I know you have had to learn new ways to do what you do. All the technology you have had to learn to use has been confusing and frustrating. And perhaps you have had to learn all of this, alone, within the confines of your home.

I know you have experienced your share of major distractions while doing your job whether it be from home or on-site. You have had to figure out how to care for your infant or toddler or supervise your school-age children’s remote learning – all while trying to be a great employee yourself.

You have been worried. I know you have been. The worries have been endless. You’ve been worried about how you were going to pay the bills if you were furloughed or lost your job. Worried about keeping a roof over your head or putting food on the table. Worried about contracting the coronavirus. Worried about those who did contract the virus and those who lost a loved one because of it. Worried about the well-being of the students, families or clients you work with. Worried about the family and friends you were unable to see or care for in-person. There’s been so many worries.

I know you’ve been discouraged. Maybe you are still discouraged. You wonder when, or even if, life will ever feel normal again.

I know you are tired. You are physically, emotionally, mentally and socially exhausted. It’s been a long and daunting year.

You’ve experienced loss. The loss of routines, social activities, relationships, employment, or even the loss of loved ones. I know it’s why you have felt sadness or grief.

It’s been a really challenging year for you.

I don’t know your whole story, but I want you to know I still understand. I care.

I believe in you. You have talents and gifts that are important and appreciated. Your worth is immeasurable.

Give yourself credit. You have made it this far into the pandemic and while it hasn’t been easy or without its challenges, you are still here, fighting and pushing forward. So please, don’t give up. You’ve got this!

Please also know that I am here for you. I’m in your corner. And just as I am for my dad, I am committed to being an advocate and cheerleader for YOU. You can count on it.

My wish for you today is that you find moments of joy, gratitude and love during the holidays. May you find some respite in the weeks to come and start the new year with a refreshed body, mind and spirit.

Thank you for being YOU and for making a difference in your corner of the world.

Happy holidays!

P.S. Thank you for all the well wishes for my dad. I truly believe it’s why he has overcome so much this past week. I want you to also know that I will be taking a 2-week respite myself and will not be writing my blog during this time. But, I will be back with my first blog of 2021 on January 6!  Cheers to a new year and a new beginning!                       

Giving the Gift Back

It’s Tuesday, December 8, and I’m sitting in a coffee shop right now writing this blog with a lot on my mind and my heart.

My 89-year-old father is having major surgery to remove a kidney and the ureter attached to it due to tumors inside the ureter. He has bladder cancer that has spread into the ureter. When he was given the diagnosis a few months ago, he was given two options…do nothing or have surgery. He chose the second option and so today the surgery is happening.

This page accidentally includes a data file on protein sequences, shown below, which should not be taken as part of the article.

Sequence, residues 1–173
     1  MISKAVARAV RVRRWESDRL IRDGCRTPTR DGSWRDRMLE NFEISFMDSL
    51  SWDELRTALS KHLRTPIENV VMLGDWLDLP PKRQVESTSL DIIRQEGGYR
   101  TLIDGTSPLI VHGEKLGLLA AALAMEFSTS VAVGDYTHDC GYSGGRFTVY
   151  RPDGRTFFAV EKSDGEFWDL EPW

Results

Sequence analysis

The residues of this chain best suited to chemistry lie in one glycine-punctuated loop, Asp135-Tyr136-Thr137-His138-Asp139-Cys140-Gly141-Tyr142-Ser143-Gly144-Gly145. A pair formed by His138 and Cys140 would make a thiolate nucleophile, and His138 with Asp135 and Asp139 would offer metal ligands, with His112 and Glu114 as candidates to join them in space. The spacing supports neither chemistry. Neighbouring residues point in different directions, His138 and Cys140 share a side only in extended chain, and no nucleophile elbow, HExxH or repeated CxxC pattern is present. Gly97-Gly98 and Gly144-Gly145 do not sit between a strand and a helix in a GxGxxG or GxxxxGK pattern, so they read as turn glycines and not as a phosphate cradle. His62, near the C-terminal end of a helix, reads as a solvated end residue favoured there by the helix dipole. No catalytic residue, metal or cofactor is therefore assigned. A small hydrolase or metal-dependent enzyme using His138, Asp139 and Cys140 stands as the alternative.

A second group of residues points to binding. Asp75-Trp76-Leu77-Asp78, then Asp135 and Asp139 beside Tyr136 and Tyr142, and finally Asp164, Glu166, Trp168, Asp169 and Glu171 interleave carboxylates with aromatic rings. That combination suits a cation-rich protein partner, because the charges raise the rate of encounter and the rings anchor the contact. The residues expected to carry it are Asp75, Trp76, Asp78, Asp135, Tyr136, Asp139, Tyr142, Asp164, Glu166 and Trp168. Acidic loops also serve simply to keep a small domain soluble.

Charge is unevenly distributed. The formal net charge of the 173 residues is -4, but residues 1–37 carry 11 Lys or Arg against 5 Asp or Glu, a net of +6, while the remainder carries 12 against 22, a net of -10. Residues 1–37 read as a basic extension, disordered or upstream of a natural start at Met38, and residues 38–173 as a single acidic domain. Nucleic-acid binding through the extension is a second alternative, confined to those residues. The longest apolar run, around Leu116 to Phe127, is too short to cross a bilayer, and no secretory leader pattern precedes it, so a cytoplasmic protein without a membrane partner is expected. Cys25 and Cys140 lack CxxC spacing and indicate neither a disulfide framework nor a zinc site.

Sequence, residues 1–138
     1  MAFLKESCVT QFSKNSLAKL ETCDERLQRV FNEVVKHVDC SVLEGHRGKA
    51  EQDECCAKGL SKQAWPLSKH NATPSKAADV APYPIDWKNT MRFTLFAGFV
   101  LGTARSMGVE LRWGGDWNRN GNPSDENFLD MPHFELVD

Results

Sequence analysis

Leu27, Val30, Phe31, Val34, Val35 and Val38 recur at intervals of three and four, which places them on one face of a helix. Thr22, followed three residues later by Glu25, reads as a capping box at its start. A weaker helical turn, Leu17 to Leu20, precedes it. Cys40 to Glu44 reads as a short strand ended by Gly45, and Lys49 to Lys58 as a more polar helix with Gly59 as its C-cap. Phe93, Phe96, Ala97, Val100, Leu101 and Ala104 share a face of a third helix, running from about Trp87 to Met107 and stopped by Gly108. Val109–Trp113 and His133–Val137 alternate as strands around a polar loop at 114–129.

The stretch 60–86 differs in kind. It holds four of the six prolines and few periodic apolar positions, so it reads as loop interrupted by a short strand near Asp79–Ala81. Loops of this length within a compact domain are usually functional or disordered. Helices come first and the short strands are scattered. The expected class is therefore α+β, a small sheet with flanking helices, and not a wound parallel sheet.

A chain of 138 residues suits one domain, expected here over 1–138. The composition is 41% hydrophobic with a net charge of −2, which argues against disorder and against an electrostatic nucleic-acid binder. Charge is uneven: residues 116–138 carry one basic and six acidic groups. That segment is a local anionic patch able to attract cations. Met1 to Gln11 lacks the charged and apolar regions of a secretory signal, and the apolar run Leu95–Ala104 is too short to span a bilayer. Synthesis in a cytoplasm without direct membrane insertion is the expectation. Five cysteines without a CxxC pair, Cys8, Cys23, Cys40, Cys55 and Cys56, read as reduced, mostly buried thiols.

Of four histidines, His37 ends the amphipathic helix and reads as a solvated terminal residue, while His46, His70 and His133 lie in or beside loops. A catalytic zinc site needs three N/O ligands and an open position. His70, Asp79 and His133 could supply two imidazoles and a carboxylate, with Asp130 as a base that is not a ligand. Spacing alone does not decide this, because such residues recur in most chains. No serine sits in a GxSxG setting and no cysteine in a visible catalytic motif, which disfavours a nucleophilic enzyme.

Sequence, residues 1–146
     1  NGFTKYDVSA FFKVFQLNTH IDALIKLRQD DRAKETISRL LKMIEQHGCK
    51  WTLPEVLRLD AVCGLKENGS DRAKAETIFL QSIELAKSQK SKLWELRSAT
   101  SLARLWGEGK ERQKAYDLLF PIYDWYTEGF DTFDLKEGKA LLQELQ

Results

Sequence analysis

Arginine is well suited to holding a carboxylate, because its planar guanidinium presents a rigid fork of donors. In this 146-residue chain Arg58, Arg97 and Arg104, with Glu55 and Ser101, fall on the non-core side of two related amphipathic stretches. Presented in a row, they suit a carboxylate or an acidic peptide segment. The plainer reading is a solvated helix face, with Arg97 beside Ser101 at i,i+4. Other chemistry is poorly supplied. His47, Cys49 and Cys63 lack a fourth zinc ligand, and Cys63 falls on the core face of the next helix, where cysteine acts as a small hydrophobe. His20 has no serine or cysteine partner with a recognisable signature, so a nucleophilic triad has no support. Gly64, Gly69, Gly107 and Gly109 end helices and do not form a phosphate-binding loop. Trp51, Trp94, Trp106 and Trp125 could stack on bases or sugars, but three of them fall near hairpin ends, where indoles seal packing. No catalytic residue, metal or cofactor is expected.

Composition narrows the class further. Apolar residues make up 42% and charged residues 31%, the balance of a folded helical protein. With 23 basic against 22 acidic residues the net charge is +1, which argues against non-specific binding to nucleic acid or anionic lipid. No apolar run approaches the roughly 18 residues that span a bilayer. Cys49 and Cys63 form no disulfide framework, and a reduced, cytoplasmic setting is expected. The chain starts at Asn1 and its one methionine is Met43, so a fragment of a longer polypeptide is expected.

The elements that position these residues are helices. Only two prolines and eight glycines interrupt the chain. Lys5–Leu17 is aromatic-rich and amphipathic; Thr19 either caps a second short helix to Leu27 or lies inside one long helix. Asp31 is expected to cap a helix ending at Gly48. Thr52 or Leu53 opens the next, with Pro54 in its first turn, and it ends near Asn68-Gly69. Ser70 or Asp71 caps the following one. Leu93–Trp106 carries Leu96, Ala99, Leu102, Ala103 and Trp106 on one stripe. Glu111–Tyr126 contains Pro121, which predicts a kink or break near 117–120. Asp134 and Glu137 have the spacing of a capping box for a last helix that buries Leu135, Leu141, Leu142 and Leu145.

As my Dad’s health partner, I’ve sat in hospital waiting rooms during numerous surgeries as we have journeyed through a multitude of health issues together these past 18 months.

But today, the waiting is different. My mind is in a different place than it has been in the past.

So, if my blog seems a bit disjointed and my thoughts appear random, let me ask for your grace and understanding upfront. I’m writing from my heart and not so much from my head today.

In my recent parenting blog series, I’ve talked about the influence a parent can have on their own kids through their own modeling of behavior and how we tend to parent the way we were parented. The title of last week’s blog, , speaks directly to this overall message…

How you parent is a gift that will keep on giving in the years to come. Make it a gift worth opening and keeping.

Sitting in this moment of time and space right now, knowing my Dad is in a high-risk surgery, I find myself reminiscing about him as my father over the years.

Last week’s blog explored four different parenting styles and revealed that authoritative parenting is the most effective style to use as a parent.

Fortunately for me, my dad was an authoritative parent. The qualities describing authoritative parenting describe my dad. And, every proven benefit for kids who have an authoritative parent, I received them.

I’m by no means a perfect parent and as much as I think my dad is, he, too, would argue that he isn’t.

Parenting isn’t always perfect. Much of the time it’s a guessing game and a whole lot of experimentation. Sometimes we get it right and other times we don’t.

I’m lucky enough that my dad got it right most of the time.

Sitting here today in the coffee shop and thinking more deeply about my relationship with my dad, I realize that he is still parenting me as much as he did when I was a young child.